With Western media reports about China’s environmental situation focusing largely on air and water pollution, the nation of 1.4 billion people often does not receive proper consideration as a leader in sustainability. Over the course of the last 15 years, however, China has rapidly ascended to the role of the world’s unequivocal solar energy leader.
China’s solar market has been thrust into the international spotlight in recent weeks with U.S. President Donald Trump’s decision to levy protective import tariffs against foreign-manufactured solar photovoltaic (PV) cells and modules. While the tariffs, starting at 30 percent in the first year and dropping down to 15 percent by the fourth year, apply to imports from all countries, they are largely a response to cheap Chinese products and companies moving manufacturing operations into neighboring countries. But how did China’s solar products come to be the focus of international trade disputes? And what will happen next?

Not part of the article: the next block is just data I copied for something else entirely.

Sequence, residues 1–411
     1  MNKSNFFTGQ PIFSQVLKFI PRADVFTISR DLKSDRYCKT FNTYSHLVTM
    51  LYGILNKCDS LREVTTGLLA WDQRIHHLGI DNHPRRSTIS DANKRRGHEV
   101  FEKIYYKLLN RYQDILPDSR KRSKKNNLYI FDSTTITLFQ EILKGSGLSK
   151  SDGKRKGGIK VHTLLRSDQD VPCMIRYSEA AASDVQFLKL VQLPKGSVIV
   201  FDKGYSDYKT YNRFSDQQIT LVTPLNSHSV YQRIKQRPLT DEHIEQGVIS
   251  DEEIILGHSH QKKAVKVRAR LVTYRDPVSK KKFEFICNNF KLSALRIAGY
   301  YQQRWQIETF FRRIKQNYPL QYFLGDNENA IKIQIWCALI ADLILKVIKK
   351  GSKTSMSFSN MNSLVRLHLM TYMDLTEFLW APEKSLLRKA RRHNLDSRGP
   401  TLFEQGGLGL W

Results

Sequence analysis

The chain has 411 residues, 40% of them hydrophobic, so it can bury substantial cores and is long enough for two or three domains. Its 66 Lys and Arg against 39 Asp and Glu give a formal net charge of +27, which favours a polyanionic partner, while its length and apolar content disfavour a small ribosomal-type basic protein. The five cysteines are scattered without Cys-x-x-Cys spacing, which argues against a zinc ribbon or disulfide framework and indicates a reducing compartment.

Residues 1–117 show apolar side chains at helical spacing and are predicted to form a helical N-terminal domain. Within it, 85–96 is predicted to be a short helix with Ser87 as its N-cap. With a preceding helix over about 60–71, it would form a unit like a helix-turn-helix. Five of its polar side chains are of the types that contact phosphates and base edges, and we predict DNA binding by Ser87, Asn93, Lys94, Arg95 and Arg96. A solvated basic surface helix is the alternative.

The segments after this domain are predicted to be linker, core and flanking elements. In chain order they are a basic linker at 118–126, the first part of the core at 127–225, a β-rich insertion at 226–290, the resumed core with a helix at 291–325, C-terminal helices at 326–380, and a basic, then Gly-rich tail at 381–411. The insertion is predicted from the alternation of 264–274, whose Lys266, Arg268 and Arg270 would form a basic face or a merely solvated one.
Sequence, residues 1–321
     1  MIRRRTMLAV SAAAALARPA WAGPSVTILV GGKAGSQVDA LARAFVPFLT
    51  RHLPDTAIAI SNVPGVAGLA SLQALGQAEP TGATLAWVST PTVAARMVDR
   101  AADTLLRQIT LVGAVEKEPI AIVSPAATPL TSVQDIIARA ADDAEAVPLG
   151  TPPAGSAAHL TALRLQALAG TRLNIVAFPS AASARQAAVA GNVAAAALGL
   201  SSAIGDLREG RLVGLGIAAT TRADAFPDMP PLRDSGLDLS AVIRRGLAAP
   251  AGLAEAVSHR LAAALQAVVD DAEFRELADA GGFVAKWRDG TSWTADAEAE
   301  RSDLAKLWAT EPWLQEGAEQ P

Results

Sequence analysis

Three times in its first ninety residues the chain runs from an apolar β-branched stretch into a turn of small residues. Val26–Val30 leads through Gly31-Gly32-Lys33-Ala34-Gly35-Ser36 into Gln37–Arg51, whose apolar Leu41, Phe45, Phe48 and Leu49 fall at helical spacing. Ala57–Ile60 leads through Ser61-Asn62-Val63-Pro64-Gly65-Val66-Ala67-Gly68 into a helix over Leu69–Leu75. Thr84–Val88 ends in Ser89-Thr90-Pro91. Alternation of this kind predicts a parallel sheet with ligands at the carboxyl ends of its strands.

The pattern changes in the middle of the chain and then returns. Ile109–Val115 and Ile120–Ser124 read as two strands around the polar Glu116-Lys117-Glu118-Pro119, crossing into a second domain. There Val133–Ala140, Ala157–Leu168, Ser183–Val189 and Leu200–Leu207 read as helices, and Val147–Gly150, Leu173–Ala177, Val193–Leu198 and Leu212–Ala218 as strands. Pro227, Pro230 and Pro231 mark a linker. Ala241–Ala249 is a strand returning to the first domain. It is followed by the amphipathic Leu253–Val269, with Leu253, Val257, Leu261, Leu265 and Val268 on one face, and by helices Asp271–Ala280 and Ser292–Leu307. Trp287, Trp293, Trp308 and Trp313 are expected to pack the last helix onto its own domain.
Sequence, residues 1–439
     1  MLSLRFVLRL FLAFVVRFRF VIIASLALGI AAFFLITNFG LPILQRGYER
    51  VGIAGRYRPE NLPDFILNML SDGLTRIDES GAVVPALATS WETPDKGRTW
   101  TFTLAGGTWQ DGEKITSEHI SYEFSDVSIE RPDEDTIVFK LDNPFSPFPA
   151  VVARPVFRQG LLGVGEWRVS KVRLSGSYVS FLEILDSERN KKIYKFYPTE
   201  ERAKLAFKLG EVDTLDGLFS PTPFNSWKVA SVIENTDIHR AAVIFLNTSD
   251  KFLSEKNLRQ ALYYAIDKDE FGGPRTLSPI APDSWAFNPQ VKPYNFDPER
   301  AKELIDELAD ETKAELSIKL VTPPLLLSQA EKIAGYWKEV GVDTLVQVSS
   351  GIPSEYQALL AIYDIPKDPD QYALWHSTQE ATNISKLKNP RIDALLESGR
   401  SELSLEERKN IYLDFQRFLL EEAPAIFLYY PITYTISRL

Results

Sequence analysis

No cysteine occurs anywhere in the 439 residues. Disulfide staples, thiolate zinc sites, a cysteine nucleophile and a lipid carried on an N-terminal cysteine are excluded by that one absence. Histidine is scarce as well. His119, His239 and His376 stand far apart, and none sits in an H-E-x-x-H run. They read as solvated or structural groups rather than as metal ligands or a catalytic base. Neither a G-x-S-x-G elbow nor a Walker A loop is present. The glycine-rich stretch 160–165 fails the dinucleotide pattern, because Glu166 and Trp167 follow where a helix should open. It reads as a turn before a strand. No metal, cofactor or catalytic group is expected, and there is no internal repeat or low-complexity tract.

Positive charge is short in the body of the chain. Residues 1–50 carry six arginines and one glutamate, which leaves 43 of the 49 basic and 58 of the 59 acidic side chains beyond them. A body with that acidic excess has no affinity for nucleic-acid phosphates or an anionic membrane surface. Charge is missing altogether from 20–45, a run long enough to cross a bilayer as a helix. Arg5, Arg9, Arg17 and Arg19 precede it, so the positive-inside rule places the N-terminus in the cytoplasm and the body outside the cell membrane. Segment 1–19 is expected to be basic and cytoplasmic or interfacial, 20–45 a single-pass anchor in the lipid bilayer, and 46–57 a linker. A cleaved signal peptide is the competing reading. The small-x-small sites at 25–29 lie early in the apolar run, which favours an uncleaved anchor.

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In the early 2000s, recognizing the growing international demand for solar power resulting from installation subsidies in Europe, China began focusing on exports and classified the PV industry as a key industry moving forward. Due to this classification, PV manufacturers qualified for financial support in the form of export credits, guarantees, and insurance. The government’s promotion of solar PV production rapidly influenced China’s role in the global market. In 2003, China’s market share of solar cell and module production stood at 1.6 percent; in 2007, China became the global leader in solar production with a market share of 27 percent.
China then solidified its role as the world’s solar PV manufacturing leader following the global financial crisis in 2008. Due to a government stimulus package to fund key industries, the China Development Bank (CDB) opened a US $30 billion line of credit for solar cell and module manufacturers in China. Even though Chinese firms had to pay high market rates on their loans, Chinese manufacturers still had access to funding when commercial banks and private investors in the West were not interested in funding solar. Financed by these investments, China’s global share of PV cell manufacturing nearly doubled from 2009 to 2011, rising from 32 percent to 60 percent.